F. Sample collection:q

A sampling thief was used to collect samples at 6 different locations within the mortar mixer. 6 locations were chosen in such a way that it covers the entire volume of the mixer. The mixing operation was stopped at the specified time intervals and samples were collected from the same six locations every time. Sample size was fixed to 1g.

G. Determination of salt concentration in samples:

Initially the flame photometer was calibrated using sodium chloride solutions of known concentration to generate the calibration curve.Distilled water was used for setting intensity to zero. Solutions were prepared using the samples that were collected during the experiment by dissolving the entire sample (1g) in 25 ml distilled water. Later the intensity corresponding to salt concentration in every sample was noted and the corresponding salt concentration was calculated.


A. Calibration of flame photometer

The calibration chart that was used to determine salt concentration in each of the samples collected during mixing experiments is shown inFigure 1. Here intensity of 200 corresponds to 0.5% salt solution.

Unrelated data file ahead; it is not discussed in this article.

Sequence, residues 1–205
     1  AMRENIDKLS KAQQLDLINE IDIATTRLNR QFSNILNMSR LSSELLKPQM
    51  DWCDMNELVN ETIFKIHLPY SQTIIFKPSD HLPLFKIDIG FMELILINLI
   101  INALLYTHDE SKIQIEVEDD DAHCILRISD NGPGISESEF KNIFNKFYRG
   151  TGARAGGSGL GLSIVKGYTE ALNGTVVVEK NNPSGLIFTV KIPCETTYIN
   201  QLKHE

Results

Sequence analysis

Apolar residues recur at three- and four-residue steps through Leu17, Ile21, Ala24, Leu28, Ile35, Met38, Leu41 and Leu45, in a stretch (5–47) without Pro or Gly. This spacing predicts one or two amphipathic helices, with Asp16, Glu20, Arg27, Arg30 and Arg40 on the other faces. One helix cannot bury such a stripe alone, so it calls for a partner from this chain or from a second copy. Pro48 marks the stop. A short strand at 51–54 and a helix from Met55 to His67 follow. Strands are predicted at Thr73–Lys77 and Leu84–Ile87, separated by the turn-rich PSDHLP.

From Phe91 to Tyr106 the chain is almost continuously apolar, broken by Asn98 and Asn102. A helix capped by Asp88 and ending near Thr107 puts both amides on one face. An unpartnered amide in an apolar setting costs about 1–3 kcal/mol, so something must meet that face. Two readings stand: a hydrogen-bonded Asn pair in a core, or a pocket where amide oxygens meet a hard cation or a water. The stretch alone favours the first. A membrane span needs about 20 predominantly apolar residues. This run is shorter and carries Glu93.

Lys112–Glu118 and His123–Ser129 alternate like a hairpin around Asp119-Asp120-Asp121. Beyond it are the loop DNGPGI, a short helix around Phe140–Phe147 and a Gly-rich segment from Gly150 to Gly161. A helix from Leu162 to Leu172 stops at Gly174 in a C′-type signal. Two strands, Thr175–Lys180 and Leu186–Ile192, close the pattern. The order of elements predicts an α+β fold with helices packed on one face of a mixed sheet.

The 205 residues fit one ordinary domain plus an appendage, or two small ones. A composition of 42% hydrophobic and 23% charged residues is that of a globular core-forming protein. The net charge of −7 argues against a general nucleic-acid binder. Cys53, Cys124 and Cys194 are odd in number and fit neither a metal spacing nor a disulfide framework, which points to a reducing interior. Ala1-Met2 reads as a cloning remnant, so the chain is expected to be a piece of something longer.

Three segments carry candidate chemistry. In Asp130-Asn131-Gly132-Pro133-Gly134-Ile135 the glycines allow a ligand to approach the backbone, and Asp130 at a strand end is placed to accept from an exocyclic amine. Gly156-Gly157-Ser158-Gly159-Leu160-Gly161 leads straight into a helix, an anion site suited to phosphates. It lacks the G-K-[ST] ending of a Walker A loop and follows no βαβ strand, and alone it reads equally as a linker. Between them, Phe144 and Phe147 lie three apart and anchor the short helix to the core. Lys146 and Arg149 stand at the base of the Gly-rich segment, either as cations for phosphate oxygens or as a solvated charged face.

Figure 1:Calibration chart for flame photometer generated using sodium chloride solution of known concentrations

B. Variation of salt concentration with mixing time

Figure 2, Figure 3 and Figure 4 are plots of intensity obtained from flame photometer corresponding to the amount of salt present in each sample collected at six different locations at regular time intervals. In Figure 2 intensities corresponding to the salt present in samples collected after first minute shows that the concentration of salt is not uniform all over the mixture. As the time proceeds, the mixing is improved and the content uniformity is achieved after 8 minutes of mixing in case of experiment with salt particles of size more than 422 microns as shown in Figure 2. In case of salt particles with size between 211 microns and 422 microns mixing time required to achieve content uniformity decreases to 4 minutes. Whereas in case of salt particles with size below 211 microns, content uniformity is achieved in just 2 minutes.
Figure 2:Variation of salt concentration at different locations of mixer with respect to time in case of binary system with salt particles greater than 422 microns
Figure 3: Variation of salt concentration at different locations of mixer with respect to time in case of binary system with salt particles between 211 microns and 422 microns.
Figure 4:Variation of salt concentration at different locations of mixer with respect to time in case of binary system with salt particles less than 211 microns.

C. Mixing curves

�� = average value of the concentration of the tracer (minor ingredient)in all the samples taken at a time interval ���� = mass fraction of the tracer component in each sample n = number of samples taken at a time interval